Now, at this point you might be asking what does customer experience have to do with blind men and elephants (it’s a good question). Well, just as each of the blind men failed to gain a full understanding of the elephant, so too will organisations fail to understand their customer journeys if they only look at the individual parts of it.
A Journey is Greater Than the Sum of its Parts
Organisations can be forgiven for focusing on individual touch-points. It’s simple to build into operations, it creates accountability for the different stages of customer journey and it certainly seems like a logical way to assess performance. After all, if a customer is satisfied with every stage of their journey, then it surely implies they would be happy with their overall experience.
The problem is that customers do not see their journeys in this way. From the first time a customer engages with an organisation to the conclusion of that journey, customers do not see their experience as a series of individual interactions but rather assess an organisation on the basis on their end-to-end experience. Key customer priorities that are not taken into account through measuring touchpoints alone include the time taken between stages of a journey, the ease in which a customer can meander through different channels, or consistency of service across channels and devices.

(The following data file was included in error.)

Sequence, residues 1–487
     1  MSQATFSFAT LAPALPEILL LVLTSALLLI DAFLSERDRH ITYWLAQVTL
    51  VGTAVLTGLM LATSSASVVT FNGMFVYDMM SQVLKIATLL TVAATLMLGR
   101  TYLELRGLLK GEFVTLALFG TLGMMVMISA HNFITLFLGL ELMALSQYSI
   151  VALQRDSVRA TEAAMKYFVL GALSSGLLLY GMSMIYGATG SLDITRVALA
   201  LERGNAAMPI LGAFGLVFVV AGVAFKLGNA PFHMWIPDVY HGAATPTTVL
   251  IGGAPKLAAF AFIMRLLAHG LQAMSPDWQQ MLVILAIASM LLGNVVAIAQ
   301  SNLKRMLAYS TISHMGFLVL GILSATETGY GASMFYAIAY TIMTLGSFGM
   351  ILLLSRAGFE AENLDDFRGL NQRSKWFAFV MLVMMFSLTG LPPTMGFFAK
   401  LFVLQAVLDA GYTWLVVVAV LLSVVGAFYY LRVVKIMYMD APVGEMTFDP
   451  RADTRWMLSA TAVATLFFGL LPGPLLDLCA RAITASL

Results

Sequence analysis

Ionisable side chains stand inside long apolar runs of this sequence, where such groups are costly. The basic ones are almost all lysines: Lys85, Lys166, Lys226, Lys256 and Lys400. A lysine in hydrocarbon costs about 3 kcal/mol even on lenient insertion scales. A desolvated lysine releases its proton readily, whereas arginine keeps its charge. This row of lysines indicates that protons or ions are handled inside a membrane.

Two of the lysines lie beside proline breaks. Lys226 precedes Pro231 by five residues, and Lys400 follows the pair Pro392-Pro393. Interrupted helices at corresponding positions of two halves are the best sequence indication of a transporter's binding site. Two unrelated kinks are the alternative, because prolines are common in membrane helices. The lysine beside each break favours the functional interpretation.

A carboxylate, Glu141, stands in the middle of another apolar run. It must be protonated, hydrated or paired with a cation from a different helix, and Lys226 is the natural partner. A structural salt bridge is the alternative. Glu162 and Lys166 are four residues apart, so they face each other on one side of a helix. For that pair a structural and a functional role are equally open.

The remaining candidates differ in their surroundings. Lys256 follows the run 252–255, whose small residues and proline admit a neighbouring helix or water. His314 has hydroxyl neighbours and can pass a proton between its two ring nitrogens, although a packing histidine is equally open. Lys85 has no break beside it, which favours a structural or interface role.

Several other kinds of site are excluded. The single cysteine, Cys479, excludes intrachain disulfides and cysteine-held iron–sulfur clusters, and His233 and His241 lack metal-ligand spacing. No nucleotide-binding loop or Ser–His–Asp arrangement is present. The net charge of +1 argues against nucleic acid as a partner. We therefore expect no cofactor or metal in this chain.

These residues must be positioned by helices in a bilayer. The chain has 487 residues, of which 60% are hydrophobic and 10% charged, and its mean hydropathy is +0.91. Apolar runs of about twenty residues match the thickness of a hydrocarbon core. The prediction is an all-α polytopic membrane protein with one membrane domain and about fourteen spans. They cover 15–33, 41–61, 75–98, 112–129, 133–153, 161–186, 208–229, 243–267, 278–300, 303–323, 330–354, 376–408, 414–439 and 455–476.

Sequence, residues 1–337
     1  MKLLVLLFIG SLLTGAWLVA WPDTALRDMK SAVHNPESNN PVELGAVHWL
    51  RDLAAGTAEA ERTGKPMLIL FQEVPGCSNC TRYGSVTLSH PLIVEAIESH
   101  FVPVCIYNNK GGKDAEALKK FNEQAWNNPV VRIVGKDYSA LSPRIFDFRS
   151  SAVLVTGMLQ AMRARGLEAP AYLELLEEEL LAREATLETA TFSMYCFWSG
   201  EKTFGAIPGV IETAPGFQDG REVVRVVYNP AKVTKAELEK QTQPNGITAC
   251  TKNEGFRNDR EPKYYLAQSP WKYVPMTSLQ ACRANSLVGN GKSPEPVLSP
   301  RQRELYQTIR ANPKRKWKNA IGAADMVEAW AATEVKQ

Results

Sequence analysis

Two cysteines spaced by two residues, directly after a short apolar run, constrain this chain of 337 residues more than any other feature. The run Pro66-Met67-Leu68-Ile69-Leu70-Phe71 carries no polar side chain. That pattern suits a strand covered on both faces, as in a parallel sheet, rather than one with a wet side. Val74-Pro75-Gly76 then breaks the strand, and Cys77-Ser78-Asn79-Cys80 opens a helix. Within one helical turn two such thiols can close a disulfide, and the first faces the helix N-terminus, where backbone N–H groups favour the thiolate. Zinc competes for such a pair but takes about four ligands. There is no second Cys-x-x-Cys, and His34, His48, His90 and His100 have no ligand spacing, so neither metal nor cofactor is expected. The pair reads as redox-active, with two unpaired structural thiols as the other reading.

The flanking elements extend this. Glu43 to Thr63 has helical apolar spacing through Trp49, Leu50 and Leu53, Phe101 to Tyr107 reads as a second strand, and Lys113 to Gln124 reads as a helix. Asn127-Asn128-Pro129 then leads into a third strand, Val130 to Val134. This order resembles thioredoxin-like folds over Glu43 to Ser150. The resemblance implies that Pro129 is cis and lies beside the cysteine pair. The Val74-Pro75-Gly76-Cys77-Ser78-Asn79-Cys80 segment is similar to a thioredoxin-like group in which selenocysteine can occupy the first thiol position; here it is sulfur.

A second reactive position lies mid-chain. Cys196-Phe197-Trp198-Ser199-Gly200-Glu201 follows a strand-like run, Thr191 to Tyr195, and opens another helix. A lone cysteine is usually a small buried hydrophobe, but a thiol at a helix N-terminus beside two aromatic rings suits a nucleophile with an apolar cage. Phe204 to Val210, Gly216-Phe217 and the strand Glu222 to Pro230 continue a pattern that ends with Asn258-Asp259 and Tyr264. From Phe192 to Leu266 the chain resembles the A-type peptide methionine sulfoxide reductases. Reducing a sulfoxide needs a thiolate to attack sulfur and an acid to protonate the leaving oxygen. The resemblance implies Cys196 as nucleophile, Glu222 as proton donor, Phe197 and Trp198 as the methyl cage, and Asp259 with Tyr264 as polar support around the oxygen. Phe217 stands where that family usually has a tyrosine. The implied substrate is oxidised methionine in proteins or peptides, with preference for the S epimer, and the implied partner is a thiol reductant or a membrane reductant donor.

In other words, journeys are cumulative experiences, spanning potentially multiple channels over a period of time. The more touch-points there are, the more complex the journey becomes. Even if these touch-points are optimised, a failure to connect them together can significantly damage customers’ perception of their journeys, increasing costly repeat calls and churn.
Moments of Truth
There are parts in every customer journey that have a disproportionate impact on how a customer feels about their journey. Often termed ‘moments of truth’, it is impossible for organisations to identify these points without an understanding of how touch-points relate to each other. A failure to recognise moments of truth can mean organisations can fail to deliver to customer expectations.
Channels Don’t Equate to Journeys Either
Measuring journeys within a specific channel also carries with it the same problems as simply measuring touch-points. Today, 72% of customers spend at least a week gathering information on a product purchase, and this information gathering is intensive, spanning a range of in-person and online channels. By measuring channels alone, organisations could miss key pain points occurring within customer journeys.